Last year I wrote a series of posts about the Ulu Masen REDD project, based on interviews with NGOs and indigenous leaders in Aceh. Missing from the story is Dorjee Sun’s version of events.
Dorjee Sun is the CEO of Carbon Conservation, the company that was supposed to be implementing the Ulu Masen REDD project. When I visited Aceh, with Down to Earth and Jaringan Komunitas Masyarakat Adat Aceh (Network of Indigenous Communities in Aceh – JKMA), there was little to been seen of any REDD project. “We’ve never seen anything from REDD. It’s like the wind. We can’t see it, can’t touch it,” Anwar Ibrahim, an indigenous leader told us.
In December 2013, I sent some questions to Dorjee Sun in an attempt to find out what happened to the money that Carbon Conservation raised to implement the Ulu Masen project and whether the project has in fact now been abandoned.
Sun talks about the Ulu Masen REDD project as one of his success stories. Here he is speaking at the Nexus Global Youth Summit in New York, in July 2013:
I’m a serial entrepreneur. I’ve started eight companies, done three exits. We would then facilitate at the time the biggest rainforest transaction. We managed to get US$9 million to US$432 million from Merrill Lynch to protect a forest in Indonesia, that was 2008.
We managed to get Rio Tinto, the biggest mining company in the world, to invest US$4 million to protect a forest in Australia, it’s six years, seventh year this year, every year we have satellites taking photos, protecting the forest it’s a 99-year product, project, so my grandchildren, with luck, will hopefully still see these forests that we were able to enact.
And we also have a project in Congo, which has five thousand gorillas, and this is with a US$5 billion commodities trading company out of Singapore, where we will protect it for 30 years and we will be selling carbon credits which will be protecting forest with gorillas in it.
And so this entire journey, the last six years in the ups and the downs, the carbon market has collapsed, they found US$4 billion of gold under our rainforest in Indonesia, there’s just been a crazy cavalcade, including we made front cover of Time magazine, front cover of the Wall Street Journal, Time magazine hero of the environment, all of these awards…
(The project in the Republic of Congo that Sun mentions is with Olam International, a company that Greenpeace has described as a “Congo-trashing company”.)
Sun has, so far, not replied to my questions. I’ve re-sent them today. If Sun were to reply, REDD-Monitor would, of course, be happy to post his response in full.
From: Chris Lang firstname.lastname@example.org
Date: 18 December 2013 18:19
Subject: Some questions about Ulu Masen
To: Dorjee Sun email@example.com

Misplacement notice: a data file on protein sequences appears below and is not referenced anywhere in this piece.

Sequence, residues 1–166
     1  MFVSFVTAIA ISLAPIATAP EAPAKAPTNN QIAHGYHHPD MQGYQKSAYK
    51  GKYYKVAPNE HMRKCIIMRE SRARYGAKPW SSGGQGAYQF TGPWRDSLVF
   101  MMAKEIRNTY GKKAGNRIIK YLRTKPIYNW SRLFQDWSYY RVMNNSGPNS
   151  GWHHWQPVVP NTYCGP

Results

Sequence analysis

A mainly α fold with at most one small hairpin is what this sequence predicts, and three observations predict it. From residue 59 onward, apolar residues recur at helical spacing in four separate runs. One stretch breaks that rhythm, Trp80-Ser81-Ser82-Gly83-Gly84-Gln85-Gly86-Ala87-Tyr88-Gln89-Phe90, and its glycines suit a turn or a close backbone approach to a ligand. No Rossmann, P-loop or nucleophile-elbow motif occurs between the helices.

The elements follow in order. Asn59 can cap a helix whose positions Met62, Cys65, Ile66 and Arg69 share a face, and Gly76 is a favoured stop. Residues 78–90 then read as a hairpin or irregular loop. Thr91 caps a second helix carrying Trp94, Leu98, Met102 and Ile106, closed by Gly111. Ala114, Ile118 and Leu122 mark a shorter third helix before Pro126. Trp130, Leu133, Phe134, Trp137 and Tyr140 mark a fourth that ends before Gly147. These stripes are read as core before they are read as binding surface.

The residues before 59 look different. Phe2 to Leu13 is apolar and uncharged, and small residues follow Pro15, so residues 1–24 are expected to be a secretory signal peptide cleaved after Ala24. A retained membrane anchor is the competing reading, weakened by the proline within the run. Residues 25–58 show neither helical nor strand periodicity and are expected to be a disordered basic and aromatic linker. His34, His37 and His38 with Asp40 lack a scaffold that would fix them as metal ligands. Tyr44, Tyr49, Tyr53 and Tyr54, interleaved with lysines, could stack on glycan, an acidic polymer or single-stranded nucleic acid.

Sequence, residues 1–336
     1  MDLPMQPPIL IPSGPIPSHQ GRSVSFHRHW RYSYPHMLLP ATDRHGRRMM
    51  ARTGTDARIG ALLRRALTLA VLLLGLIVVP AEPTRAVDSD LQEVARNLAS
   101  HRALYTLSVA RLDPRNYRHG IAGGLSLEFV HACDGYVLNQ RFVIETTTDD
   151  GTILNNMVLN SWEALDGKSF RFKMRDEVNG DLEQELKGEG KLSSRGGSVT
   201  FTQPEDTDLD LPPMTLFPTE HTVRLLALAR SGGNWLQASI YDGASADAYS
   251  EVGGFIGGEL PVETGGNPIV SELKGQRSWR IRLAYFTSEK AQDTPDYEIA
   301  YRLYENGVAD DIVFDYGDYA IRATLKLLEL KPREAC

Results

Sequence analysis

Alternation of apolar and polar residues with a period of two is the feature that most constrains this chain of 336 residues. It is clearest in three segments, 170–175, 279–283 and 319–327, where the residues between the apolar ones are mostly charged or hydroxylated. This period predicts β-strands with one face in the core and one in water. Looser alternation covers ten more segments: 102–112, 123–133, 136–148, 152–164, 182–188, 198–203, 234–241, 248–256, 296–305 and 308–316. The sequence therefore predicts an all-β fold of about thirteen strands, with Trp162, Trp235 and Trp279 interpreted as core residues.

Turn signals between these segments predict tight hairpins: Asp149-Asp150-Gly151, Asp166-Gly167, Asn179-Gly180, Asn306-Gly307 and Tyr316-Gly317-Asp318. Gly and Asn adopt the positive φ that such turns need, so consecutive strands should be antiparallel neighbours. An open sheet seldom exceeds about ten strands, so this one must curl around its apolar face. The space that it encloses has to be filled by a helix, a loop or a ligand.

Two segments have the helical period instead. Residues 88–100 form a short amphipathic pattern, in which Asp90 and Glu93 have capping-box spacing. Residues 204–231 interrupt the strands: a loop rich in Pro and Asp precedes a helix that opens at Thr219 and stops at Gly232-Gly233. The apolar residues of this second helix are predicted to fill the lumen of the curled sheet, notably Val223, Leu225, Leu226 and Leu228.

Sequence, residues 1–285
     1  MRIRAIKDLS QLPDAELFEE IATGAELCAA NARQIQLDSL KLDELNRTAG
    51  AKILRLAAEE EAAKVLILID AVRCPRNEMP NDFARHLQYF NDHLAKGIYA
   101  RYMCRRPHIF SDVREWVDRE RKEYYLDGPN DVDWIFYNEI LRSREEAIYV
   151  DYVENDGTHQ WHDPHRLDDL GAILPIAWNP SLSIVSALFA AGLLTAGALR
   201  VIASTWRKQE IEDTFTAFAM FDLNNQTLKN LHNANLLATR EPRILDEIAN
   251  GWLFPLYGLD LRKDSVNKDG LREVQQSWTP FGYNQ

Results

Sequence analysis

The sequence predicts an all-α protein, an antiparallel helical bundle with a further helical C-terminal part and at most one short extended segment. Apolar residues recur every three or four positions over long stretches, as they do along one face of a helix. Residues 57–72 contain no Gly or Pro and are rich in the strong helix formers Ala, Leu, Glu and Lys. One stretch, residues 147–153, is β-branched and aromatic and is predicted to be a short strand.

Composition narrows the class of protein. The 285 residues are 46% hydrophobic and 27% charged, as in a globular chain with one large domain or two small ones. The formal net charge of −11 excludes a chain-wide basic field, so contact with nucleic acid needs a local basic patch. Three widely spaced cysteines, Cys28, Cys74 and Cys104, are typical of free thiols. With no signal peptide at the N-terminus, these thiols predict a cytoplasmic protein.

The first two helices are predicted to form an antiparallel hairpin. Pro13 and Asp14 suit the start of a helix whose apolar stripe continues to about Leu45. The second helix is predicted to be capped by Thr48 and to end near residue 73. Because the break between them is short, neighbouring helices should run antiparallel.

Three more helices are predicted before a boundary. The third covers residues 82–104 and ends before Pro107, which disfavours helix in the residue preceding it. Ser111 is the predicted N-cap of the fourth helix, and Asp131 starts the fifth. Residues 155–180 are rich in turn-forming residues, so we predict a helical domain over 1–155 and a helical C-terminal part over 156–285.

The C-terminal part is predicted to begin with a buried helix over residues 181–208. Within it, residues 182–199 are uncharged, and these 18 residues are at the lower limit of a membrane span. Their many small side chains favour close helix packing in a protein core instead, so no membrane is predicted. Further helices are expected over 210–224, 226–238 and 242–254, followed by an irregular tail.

My name is Chris Lang and run a website called redd-monitor.org. At the end of last year I visited Aceh to take a look at the Ulu Masen REDD project. While I was there, I spoke to several NGOs, community representatives and indigenous peoples’ representatives.
I would be grateful if you could answer some questions about the project. I’ll post the interview in full on REDD-Monitor and will send you a final draft for any edits to your answers before posting the interview.
1. In an interview with the Sydney Morning Herald in May 2013, you spoke as if the Ulu Masen project was still on-going. “In the forests that we were working to conserve, we are working to conserve …”, you said. What is the current status of the Ulu Masen project? Has the Ulu Masen REDD project in fact been abandoned?
2. Could you please describe briefly the history of the project and where things went wrong.
3. In 2008, Merrill Lynch promised to buy US$9 million worth of carbon credits from Ulu Masen. My understanding is that five years later, no carbon credits have been generated from Ulu Masen. Did Merrill Lynch pay any money towards the project? What is the current status of the deal with Merrill Lynch?
4. Why has the project not been able to generate any carbon credits?
5. In June 2012, the Sydney Morning Herald reported that “Jeff Carmichael, a businessman and foundation chairman of the Australian Prudential Regulation Authority, has a ‘seven-figure sum’ invested in Sun’s project.” What happened to this money? Did you spend the money in Aceh, and if so, on what?
6. In 2011, East Asia Minerals bought 50% of your company, Carbon Conservation. Was the money your company made from this deal spent in Aceh, and if so, on what? Does East Asia Minerals still own 50% of Carbon Conservation?
7. In the May 2013 interview you say you have “no regrets” about getting in bed with East Asia Minerals. You were paid partly with 2,584,210 shares in East Asia Minerals – at the time these were worth around Canadian $5 each, but the share price is currently $0.035. You therefore have an interest in East Asia Mineral’s mining project going ahead (assuming this would increase the share price). If the mining project went ahead, would the Ulu Masen REDD project be restarted?
8. East Asia Minerals has a new CEO, Ed Rochette, since the deal with Carbon Conservation. What guarantee do you have that Rochette will comply with your plan to save 99% of the forest? Is there a project design document for this plan and/or a contract with East Asia Minerals?
9. Please describe the process of free, prior and informed consent carried out during the development of the project. Did Fauna and Flora International carry out this work, or Carbon Conservation?
10. What do you think are the lessons to be learned from the Ulu Masen project?
11. What do you see in the future for the Ulu Masen REDD project, and for the people and forests of Ulu Masen?
Thanks for your time and I look forward to hearing from you.
Regards, Chris Lang